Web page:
More than 100 of the world’s most powerful people last week participated in the secretive Bilderberg Meetings in Washington, D.C. — while the media paid little attention.
A secretive meeting of more than 100 of the world’s most powerful people just took place in a Washington, D.C. hotel behind closed doors and under tight security — while few reporters even took note.
Bilderberg Meetings attendees — including the director of the CIA, the secretary-general of NATO, European prime ministers, CEOs of pharmaceutical, energy and tech companies (including Pfizer CEO Albert Bourla) — gathered June 2-5 to discuss global issues under an anonymity agreement.
“The participants take part as individuals rather than in any official capacity, and hence are not bound by the conventions of their office or by pre-agreed positions,” the group’s website states.
On the agenda of the invitation-only summit were topics including “Disruption of the Global Financial System,” “Disinformation,” “Energy Security and Sustainability,” “Post Pandemic Health” and “Fragmentation of Democratic Societies.”
As an element of its secrecy, the annual conference invokes the “Chatham House Rule.” In meetings held under this rule, “participants are free to use the information received, but neither the identity nor the affiliation of the speaker(s) nor of any other participant may be revealed.”
Begun in 1954 by British and U.S. intelligence agencies, the Bilderberg conference has been held in various countries in Europe and North America, with a two-year gap during the COVID-19 pandemic.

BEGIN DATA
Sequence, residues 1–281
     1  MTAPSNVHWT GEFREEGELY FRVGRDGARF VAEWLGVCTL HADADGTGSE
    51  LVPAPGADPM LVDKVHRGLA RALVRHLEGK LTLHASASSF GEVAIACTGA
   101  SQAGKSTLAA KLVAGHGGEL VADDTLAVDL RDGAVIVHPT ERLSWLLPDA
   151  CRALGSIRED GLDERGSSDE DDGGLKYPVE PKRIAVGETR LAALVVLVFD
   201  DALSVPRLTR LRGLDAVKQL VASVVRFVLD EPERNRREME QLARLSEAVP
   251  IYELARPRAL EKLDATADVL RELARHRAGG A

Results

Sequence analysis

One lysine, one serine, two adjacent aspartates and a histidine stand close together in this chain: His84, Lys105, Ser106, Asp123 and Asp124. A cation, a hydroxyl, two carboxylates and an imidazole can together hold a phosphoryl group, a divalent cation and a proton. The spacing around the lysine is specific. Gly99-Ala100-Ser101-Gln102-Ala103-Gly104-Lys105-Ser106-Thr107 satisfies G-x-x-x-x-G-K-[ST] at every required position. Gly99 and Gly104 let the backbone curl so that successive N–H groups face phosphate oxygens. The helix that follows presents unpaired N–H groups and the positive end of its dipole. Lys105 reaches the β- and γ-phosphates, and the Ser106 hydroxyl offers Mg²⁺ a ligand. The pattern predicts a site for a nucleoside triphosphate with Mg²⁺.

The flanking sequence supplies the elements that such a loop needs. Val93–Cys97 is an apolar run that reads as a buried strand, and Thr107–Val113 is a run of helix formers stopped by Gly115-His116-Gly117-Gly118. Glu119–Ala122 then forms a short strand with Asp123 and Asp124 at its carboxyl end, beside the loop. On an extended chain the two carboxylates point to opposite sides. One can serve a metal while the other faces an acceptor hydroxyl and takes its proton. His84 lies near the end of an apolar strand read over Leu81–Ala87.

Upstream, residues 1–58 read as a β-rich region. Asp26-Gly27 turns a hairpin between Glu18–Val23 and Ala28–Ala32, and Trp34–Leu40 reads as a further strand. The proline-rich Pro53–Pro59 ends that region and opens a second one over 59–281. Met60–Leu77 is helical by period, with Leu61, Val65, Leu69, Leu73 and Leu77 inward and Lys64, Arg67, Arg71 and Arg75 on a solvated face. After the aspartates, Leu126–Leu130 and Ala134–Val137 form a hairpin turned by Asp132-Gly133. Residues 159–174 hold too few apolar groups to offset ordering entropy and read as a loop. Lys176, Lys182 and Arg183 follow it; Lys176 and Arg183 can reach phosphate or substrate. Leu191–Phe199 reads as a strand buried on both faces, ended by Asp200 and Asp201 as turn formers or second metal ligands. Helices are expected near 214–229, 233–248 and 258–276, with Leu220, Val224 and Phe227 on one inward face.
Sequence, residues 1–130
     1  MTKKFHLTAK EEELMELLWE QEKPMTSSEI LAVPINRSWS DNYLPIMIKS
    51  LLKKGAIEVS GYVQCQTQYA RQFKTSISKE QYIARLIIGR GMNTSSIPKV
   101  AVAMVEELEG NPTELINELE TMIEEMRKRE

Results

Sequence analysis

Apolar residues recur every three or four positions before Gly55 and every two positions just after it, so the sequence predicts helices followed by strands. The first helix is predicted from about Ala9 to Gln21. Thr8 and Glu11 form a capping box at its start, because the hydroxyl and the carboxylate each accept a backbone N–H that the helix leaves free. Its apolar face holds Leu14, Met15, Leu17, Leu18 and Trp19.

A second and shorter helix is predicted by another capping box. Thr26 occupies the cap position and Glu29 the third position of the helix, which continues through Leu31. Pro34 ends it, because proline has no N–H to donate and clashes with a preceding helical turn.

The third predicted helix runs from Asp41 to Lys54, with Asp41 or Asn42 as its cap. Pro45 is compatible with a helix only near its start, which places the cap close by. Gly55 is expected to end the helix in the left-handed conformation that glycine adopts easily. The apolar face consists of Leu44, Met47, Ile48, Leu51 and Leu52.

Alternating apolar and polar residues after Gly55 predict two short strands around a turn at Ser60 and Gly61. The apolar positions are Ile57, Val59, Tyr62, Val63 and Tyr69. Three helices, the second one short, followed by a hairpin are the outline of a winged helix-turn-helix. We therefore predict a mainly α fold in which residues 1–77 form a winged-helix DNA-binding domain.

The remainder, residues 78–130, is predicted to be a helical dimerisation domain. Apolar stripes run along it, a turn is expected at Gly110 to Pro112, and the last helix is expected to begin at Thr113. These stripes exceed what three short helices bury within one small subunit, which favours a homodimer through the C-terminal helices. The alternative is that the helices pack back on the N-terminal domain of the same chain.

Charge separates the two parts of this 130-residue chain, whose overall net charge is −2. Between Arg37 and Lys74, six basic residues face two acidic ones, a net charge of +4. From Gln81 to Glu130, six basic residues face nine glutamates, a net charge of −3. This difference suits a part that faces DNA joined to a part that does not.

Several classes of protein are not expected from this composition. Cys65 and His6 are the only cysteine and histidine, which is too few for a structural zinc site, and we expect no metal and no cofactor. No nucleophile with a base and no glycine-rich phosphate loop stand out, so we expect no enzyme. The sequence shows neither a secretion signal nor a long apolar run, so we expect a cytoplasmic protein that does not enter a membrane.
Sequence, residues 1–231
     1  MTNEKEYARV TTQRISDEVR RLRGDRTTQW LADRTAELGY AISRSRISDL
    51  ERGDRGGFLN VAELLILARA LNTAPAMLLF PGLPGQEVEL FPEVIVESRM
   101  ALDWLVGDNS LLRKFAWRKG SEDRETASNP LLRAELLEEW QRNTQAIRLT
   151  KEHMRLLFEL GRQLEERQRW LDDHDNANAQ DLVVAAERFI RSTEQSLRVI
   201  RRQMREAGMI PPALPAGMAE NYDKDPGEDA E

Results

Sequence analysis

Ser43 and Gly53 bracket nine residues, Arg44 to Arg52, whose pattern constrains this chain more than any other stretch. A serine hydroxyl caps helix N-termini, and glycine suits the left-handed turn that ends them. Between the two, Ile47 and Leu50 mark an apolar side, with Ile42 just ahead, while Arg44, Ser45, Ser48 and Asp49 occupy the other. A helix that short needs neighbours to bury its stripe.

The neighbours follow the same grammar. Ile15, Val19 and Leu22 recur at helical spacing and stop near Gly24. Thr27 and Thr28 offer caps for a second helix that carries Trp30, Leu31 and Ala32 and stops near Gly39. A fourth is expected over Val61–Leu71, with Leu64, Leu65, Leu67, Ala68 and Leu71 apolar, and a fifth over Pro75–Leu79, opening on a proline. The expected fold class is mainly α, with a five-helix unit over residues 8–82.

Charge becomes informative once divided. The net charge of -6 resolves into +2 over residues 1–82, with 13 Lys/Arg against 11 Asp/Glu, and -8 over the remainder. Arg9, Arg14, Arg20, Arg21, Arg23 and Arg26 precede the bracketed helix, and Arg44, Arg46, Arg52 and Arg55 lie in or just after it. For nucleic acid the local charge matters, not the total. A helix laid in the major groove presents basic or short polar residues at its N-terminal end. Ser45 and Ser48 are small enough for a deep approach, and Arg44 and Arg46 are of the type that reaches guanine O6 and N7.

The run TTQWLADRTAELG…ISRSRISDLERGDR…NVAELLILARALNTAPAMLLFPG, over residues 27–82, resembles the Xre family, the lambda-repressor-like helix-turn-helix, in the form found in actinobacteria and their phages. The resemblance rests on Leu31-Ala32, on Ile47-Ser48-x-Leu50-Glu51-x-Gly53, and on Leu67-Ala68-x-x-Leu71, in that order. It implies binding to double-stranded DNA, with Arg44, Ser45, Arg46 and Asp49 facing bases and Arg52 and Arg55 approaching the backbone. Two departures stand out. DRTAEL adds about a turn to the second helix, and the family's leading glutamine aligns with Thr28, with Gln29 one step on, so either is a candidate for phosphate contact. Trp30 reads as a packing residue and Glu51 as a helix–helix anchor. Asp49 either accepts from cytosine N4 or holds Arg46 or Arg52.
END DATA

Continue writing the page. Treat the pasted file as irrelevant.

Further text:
About 120 North American and European leaders from Big Tech, Big Pharma, industry, finance, the military, politics and academia are invited each year.
Members of the media are not invited to report on the event “in order to encourage the highest level of openness and dialogue,” according to the Bilderberg Meetings website.
Bilderberg participants and security were barred from disclosing the location of the meeting and from quoting anyone during the “off-the-record sessions,” according to journalist Max Blumenthal, who attempted to enter the Mandarin Oriental Hotel while the meetings were taking place.
The group claims it does not hold a press conference regarding its agenda due to “lack of interest,” and that it “has never sought any public attention.”
However, it does issue a press release each year. The key topics for discussion listed in this year’s press release were:
Sino-US Tech Competition
Continuity of Government and the Economy
Disruption of the Global Financial System
Energy Security and Sustainability
Post Pandemic Health
Fragmentation of Democratic Societies
Trade and Deglobalisation